# NavList:

## A Community Devoted to the Preservation and Practice of Celestial Navigation and Other Methods of Traditional Wayfinding

**Re: Summary of Bowditch Table 15**

**From:**Bill B

**Date:**2005 Jan 25, 17:15 -0500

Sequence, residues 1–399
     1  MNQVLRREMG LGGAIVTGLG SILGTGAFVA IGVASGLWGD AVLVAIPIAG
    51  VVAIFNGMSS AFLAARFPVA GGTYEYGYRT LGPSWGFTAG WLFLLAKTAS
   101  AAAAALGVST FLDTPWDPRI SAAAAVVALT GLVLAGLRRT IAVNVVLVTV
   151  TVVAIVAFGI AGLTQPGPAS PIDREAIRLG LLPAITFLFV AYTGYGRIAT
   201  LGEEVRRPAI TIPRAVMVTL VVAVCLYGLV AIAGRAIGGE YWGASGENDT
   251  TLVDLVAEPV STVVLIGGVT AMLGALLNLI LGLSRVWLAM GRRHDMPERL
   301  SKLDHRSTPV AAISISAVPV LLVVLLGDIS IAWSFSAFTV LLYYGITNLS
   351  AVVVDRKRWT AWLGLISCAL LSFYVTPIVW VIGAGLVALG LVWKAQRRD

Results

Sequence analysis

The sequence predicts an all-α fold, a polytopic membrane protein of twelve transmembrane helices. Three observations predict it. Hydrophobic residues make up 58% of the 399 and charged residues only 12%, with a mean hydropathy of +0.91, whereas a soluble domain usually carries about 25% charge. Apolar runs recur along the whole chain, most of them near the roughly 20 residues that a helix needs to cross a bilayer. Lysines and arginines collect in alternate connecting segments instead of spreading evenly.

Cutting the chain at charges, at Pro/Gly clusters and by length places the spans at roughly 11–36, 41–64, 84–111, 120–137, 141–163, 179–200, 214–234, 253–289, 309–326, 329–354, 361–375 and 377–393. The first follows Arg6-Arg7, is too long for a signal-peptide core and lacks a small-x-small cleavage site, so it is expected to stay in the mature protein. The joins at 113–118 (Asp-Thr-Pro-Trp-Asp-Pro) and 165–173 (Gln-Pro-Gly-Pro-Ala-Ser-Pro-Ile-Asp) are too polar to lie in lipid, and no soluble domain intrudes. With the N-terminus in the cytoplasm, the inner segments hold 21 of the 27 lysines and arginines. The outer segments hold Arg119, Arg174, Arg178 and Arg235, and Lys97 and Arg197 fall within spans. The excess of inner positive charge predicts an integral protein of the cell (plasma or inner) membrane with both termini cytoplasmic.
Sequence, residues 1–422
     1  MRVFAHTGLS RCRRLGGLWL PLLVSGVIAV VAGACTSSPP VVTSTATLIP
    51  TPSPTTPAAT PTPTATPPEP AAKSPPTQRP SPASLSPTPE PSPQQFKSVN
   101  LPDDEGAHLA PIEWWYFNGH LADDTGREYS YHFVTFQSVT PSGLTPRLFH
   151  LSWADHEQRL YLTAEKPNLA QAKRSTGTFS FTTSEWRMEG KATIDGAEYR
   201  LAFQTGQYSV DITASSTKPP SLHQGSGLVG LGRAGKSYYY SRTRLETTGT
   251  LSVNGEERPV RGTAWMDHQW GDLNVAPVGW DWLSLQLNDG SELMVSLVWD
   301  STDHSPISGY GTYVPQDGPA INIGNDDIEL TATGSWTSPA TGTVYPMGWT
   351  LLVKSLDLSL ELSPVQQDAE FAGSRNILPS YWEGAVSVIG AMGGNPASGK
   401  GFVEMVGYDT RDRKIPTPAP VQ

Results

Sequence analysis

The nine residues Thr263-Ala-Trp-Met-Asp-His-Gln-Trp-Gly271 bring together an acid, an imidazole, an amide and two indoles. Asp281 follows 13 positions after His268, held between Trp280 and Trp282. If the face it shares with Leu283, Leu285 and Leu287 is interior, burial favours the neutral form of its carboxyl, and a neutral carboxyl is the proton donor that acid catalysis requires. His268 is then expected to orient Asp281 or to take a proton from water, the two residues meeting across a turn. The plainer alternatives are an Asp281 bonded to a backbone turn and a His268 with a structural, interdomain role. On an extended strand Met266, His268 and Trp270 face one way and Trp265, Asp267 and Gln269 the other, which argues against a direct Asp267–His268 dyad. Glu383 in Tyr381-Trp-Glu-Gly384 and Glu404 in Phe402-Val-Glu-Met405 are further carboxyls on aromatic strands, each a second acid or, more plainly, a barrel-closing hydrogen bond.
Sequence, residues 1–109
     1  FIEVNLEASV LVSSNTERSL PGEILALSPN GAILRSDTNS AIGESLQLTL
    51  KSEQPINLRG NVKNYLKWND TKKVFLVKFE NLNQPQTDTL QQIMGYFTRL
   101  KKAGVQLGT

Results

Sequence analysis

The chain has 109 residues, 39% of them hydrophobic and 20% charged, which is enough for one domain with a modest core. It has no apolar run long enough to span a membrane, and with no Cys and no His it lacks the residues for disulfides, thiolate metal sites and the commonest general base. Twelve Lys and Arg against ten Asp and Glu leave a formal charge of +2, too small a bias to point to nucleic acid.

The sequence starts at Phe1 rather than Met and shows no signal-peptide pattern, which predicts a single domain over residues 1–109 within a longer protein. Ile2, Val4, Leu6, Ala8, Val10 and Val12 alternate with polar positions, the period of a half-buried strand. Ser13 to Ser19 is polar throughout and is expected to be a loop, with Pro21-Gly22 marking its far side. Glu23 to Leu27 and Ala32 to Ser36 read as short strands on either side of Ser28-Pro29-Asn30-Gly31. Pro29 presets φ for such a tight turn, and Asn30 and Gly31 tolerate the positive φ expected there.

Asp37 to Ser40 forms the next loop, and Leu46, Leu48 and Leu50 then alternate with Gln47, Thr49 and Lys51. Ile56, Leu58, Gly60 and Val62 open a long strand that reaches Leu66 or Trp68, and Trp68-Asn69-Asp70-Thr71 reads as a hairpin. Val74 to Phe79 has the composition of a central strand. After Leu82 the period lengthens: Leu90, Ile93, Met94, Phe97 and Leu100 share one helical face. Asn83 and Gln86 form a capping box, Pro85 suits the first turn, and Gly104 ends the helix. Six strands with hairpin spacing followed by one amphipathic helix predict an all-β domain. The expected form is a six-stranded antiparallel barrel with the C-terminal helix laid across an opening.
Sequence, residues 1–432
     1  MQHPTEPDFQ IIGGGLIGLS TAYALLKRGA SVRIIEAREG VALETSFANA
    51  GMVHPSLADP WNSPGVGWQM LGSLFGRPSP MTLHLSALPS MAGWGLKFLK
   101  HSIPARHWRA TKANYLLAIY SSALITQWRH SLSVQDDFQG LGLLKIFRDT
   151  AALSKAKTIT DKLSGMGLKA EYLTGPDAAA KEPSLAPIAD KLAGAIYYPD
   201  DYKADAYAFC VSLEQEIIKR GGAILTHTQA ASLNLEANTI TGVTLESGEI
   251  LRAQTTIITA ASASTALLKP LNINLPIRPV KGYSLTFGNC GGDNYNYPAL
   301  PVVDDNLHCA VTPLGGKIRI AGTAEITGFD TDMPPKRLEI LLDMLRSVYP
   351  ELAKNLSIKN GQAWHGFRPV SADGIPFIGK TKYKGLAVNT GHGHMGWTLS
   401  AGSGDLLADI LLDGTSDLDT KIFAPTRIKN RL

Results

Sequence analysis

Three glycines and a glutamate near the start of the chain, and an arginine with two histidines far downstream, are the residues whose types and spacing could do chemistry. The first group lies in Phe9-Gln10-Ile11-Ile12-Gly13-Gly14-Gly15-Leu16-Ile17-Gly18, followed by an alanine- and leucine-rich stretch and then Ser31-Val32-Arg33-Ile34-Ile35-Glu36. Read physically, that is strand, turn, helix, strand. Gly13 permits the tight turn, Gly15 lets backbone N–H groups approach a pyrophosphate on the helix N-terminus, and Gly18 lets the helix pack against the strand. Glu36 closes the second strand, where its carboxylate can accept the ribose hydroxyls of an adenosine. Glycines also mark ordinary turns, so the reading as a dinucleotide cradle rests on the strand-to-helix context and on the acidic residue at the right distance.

> 3: However, I cannot confirm numerically that Table 9/15 is correct. > > Consider a 100ft mast seen from 5 miles away by an observer with 10ft > height of eye. The 90ft of the mast extending above his sensible horizon > should subtend an angle of about 10' at his eye, yet entering the table > with (H-h)=90ft and angle 10' gives a range of 4.3 miles. You forgot to subtract dip at 10 ft. of 3.1' from your calculated 10' before entering the tables. That would make the entering argument 6.9' tabular value approx. 6 nm. > > Let the observer climb a further 60ft up his own mast and the remaining > 30ft of the observed mast showing above the sensible horizon should > subtend about 3.4'. However, Table 9/15 would then reduce the range to > 3.3 miles. If the observer was at 10 ft, then climbed an additional 60 ft, he/she would be at 70 ft above water level, correct? Using the simplified formula for distance to horizon, 1.169(sqrt height of eye) the observer's horizon would be 9.8 nm away. If the observed vessel is 5 nm away, as stated above, the observer should be able to see the hull and waterline, in which case Table 16 would apply. (Note that the geographical range would be 21.5 nm from 70 ft aloft.) I also do not understand how you arrived at the 3.4' angle. Roughly speaking we have 2 right triangles with opposite sides of 30 and 70 feet, with approx. 5 nm (30380 ft) adjacent sides. Using the tangent, find and add the angles of both. I get approx. 11.3'. Do a rough sanity check with the law of cosines, (c^2 = a^2 + b^2 -2ab cos c) where c=100, a and b = 30380, and again we get approx. 11.3'. That's my story and I'm sticking to it.Bill